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Implementing exchanges presents challenges for HHS

healthins exchanges Implementing exchanges presents challenges for HHSThe health insurance exchanges were designed as the backbone of PPACA, with the intent of creating an online portal for Americans to purchase affordable health insurance.  The Obama administration now faces significant logistical and financial challenges, since some states have declined to setup their own exchanges and the Federal government does not have the expertise or infrastructure to coordinate such a market place nationally.

The health care reform law assumed states would create and operate their own exchanges, setting aside billions in grants for that purpose.  Sixteen states have said they will not set up their own systems, and another five states said they want a federal-state partnership, while four others are considering partnerships.

States have different insurance markets and different eligibility requirements for Medicaid.  The Health and Human Services Department does not have the systems to effectively manage the nuances that exist state to state.  Since every state must have an exchange established by January 1, 2014, there is no time for the massive amount of work that lies ahead or the funding necessary for the implementation that will be larger than expected.

Experts have predicted that the department will soon have to tap budgets from its other programs to cover exchange costs.  Others have said it might charge fees on the insurance purchased in its exchanges once they are launched.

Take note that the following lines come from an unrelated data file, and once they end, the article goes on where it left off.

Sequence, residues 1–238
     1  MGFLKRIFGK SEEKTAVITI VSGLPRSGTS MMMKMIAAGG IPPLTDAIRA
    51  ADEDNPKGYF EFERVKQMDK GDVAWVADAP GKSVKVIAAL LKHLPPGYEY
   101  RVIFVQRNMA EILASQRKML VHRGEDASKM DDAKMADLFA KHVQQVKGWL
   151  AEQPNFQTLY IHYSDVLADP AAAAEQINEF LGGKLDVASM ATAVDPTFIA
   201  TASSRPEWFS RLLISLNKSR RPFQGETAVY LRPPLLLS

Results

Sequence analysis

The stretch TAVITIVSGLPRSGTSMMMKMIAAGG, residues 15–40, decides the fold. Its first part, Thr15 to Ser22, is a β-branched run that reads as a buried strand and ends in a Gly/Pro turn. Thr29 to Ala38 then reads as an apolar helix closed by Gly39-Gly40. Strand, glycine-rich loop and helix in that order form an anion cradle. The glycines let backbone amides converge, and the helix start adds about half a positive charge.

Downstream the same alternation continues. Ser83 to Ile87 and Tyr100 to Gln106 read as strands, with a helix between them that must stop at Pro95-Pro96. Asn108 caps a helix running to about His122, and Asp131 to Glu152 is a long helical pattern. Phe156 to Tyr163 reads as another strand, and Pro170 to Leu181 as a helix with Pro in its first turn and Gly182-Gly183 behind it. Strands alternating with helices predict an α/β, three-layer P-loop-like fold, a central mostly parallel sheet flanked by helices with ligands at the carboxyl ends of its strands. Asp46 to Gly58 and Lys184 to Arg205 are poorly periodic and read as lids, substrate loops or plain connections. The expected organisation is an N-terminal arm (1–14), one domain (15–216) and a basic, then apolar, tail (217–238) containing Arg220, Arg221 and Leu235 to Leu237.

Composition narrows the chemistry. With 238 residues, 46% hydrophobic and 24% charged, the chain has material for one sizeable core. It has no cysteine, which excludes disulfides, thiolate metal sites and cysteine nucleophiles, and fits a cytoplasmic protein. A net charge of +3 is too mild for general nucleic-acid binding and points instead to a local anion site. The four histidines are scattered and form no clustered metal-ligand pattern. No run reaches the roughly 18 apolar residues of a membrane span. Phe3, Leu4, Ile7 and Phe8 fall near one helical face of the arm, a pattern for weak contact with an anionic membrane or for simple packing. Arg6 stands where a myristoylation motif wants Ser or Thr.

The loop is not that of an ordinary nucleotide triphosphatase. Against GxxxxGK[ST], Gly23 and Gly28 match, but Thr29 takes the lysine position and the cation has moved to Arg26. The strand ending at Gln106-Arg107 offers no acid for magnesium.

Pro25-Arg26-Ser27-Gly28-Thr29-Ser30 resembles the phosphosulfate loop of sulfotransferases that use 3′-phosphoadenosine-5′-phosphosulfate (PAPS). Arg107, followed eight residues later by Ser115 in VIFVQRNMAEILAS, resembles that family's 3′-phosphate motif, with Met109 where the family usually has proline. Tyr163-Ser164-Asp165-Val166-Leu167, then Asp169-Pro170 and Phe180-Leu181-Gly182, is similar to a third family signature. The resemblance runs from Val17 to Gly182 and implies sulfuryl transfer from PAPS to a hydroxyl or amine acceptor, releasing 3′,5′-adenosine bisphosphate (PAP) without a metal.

The idea behind the online exchanges is to match the uninsured with plans that meet their needs and reflect their eligibility for government help.  The process will require websites that can process massive amounts of personal information from users and yield search results for everyone.

Constructing these sites, which will need to be unique depending on the states individual insurance markets and eligibility for Medicaid, is just one task facing HHS when it comes to states that have decided not to do the job themselves.

While HHS has pushed back the cutoff points for states to choose how to run their markets, the department has indicated that the January 1, 2014, deadline is holding firm.

 

(Photo credited to: dwaffler.com)

DISCLAIMER: Because of the generality of this update, and based on particular situations, the information provided herein may not be applicable in all situations and should not be acted upon without specific legal advice, financial advice and/or the advice of a licensed insurance or certified human resource professional.

© Connelly, Carlisle, Fields & Nichols 2012



Mick Constantinou

Author: Mick Constantinou

Email: mconstantinou@ccfninsurance.com
Mick Constantinou is Advisor at Connelly, Carlisle, Fields & Nichols (CCFN). In this role, he provides employee benefits for small- to mid-size groups, as well as individual insurance plans to the self-employed or people without coverage. Prior to joining CCFN, Mick was a Worksite Consultant for Liberty National Life Insurance Company in Tampa. His career background includes serving as a Communications Consultant for BOTH USA, LLC, and as a Training and Communications Director for Konica Minolta Business Solutions. Mick also held numerous director and managerial positions at Danka Office Imaging, and was Marketing Manager for Deloitte & Touche LLP in Tampa.
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